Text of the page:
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When will life level off?

Life doesn't slow down; be sure to enjoy today
Lead Summary
Lori Sorenson, editor

As a kid, I often pondered who and what I might grow up to be — an artist, musician, athlete, teacher. (Don’t we all dream of being teachers?)
Why didn’t I just enjoy being a kid? I had a great childhood. Yet I distinctly recall a preoccupation about what comes next.
I still do. Maybe we all do.
It’s a universal curse that hinders life enjoyment. Or perhaps it’s a survival mechanism — like squirrels spending their sunny days gathering nuts for future cold days.
In high school I planned for college. In college I planned a career, and so on.
It’s not that we don’t enjoy these life phases, because I did. Maybe too much, which might be why I was chronically sleep deprived … with homework, part-time jobs and a (demanding) social schedule.
I told myself that once I get my degree, life will level off and I’ll catch up on sleep.
But there was an internship to complete, a wedding to plan, a job offer back home, a move to pack for, a house to buy, a mortgage to pay, a baby on the way ...
I told myself that when the kids were out of diapers and in school, when I caught up with debt, when I mastered newspaper deadlines … life would level off.
But the kids were in soccer, Little League, Taekwondo and piano lessons … and later in marching band, football, track and field, tennis, and so on.
At one point, between shuttling kids and covering work assignments, I remember thinking back to the diaper days when at least we could be home.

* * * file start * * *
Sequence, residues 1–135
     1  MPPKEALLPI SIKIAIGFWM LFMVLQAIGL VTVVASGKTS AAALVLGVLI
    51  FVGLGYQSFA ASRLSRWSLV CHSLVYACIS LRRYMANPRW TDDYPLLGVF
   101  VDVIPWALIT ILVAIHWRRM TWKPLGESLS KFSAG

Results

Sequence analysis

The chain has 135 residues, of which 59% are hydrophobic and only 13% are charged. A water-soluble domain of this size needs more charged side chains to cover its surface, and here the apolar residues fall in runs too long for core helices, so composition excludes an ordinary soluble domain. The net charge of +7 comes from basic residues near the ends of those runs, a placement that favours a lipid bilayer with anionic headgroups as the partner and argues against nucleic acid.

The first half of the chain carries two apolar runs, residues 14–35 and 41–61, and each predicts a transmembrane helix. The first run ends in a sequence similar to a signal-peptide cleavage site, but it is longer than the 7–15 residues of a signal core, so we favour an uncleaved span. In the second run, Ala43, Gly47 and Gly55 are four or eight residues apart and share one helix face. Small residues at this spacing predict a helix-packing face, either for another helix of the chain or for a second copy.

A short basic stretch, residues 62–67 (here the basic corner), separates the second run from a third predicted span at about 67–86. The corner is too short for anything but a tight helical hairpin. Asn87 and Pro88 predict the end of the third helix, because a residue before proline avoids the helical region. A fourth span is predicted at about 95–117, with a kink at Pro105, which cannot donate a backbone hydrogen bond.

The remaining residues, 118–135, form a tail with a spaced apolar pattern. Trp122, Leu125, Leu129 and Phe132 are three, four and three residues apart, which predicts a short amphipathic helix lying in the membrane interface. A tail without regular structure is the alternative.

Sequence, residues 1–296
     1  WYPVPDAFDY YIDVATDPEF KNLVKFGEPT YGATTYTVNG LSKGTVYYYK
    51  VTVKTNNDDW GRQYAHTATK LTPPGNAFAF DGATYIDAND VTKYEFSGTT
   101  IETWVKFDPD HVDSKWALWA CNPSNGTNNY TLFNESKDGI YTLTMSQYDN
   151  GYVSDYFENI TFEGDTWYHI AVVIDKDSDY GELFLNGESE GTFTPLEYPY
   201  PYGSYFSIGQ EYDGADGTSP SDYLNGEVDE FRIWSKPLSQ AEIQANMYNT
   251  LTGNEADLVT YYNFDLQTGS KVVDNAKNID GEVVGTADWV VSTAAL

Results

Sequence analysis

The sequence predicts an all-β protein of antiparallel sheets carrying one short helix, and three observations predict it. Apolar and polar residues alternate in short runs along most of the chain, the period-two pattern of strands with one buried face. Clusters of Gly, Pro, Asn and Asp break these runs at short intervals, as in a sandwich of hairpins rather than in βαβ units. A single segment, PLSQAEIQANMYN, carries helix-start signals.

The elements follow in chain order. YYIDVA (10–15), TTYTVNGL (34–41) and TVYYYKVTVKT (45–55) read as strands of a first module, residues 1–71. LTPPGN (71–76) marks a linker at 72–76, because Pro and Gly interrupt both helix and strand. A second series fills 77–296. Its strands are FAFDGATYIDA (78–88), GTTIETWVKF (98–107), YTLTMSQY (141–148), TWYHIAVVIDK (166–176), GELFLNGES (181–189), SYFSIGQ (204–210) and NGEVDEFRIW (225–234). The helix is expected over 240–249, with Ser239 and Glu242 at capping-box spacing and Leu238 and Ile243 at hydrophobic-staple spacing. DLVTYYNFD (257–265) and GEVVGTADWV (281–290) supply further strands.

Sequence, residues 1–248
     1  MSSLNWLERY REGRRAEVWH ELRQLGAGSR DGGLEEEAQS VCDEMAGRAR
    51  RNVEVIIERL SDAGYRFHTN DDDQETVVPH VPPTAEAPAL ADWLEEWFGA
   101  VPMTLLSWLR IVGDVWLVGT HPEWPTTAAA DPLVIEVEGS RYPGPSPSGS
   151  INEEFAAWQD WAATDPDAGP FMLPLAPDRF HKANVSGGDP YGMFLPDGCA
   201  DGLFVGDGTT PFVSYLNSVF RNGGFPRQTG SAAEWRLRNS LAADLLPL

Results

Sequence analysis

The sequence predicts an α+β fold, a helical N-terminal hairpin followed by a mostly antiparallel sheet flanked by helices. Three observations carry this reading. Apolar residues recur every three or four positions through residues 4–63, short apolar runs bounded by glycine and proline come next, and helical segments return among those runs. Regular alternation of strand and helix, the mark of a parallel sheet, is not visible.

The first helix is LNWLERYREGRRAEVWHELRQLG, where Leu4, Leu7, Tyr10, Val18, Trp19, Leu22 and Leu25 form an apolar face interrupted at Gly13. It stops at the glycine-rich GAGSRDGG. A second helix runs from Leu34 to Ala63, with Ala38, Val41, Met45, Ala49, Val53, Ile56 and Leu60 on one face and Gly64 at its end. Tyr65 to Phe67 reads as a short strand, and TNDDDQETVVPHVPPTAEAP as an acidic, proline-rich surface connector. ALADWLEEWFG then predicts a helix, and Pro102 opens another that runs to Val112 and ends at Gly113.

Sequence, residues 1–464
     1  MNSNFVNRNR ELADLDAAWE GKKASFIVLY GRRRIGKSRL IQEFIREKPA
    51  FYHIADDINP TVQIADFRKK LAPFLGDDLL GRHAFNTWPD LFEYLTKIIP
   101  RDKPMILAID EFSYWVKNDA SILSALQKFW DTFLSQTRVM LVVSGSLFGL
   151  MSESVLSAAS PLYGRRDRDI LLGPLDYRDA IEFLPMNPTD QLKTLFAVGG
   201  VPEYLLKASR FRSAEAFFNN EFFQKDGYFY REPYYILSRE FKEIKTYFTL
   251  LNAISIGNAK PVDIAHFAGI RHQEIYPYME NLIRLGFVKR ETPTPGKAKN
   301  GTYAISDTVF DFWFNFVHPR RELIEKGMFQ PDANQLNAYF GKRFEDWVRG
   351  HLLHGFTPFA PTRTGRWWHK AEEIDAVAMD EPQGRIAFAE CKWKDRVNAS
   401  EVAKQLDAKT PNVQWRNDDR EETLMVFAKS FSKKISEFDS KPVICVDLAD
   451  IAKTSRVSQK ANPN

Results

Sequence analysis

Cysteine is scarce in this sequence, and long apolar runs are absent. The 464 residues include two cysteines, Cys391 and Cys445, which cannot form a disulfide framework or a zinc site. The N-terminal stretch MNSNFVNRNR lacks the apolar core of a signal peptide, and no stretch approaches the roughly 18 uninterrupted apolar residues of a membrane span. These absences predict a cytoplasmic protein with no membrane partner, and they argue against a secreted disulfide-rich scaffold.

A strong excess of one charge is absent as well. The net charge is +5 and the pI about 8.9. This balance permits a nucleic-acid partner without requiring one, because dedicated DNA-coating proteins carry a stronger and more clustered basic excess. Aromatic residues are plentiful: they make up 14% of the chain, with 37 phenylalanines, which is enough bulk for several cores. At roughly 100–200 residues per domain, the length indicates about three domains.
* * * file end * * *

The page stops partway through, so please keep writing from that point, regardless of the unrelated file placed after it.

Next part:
Yet, I wouldn’t have gone back. This was my life. At that stage, my life was on the bleachers with the other parents who also ate supper on the run and left a dirty kitchen behind at home.
I enjoyed all life stages, which means, of course, that I’ve been blessed. And I’m grateful.
Last weekend my youngest graduated from college. It happened on a Friday night after a busy workday, ahead of a busy weekend.
I watched him cross the stage in his cap and gown and tried not to be distracted by food plans for his party and the Saturday plans to work at the family farm.
It was a lovely weekend, but I resisted the “after we get through this, life will level off,” feeling.
Life really doesn’t level off. In fact, I have no idea what a “leveled life” even looks like.
I used to think it happened in retirement, but some retired people are busier than ever.
… and some lose their spouses before they can enjoy retirement together.
It’s true that the older we are, the faster time flies. But thankfully, the older we get, the wiser we are.
And we realize that the best stage of life is the one we’re in right now.

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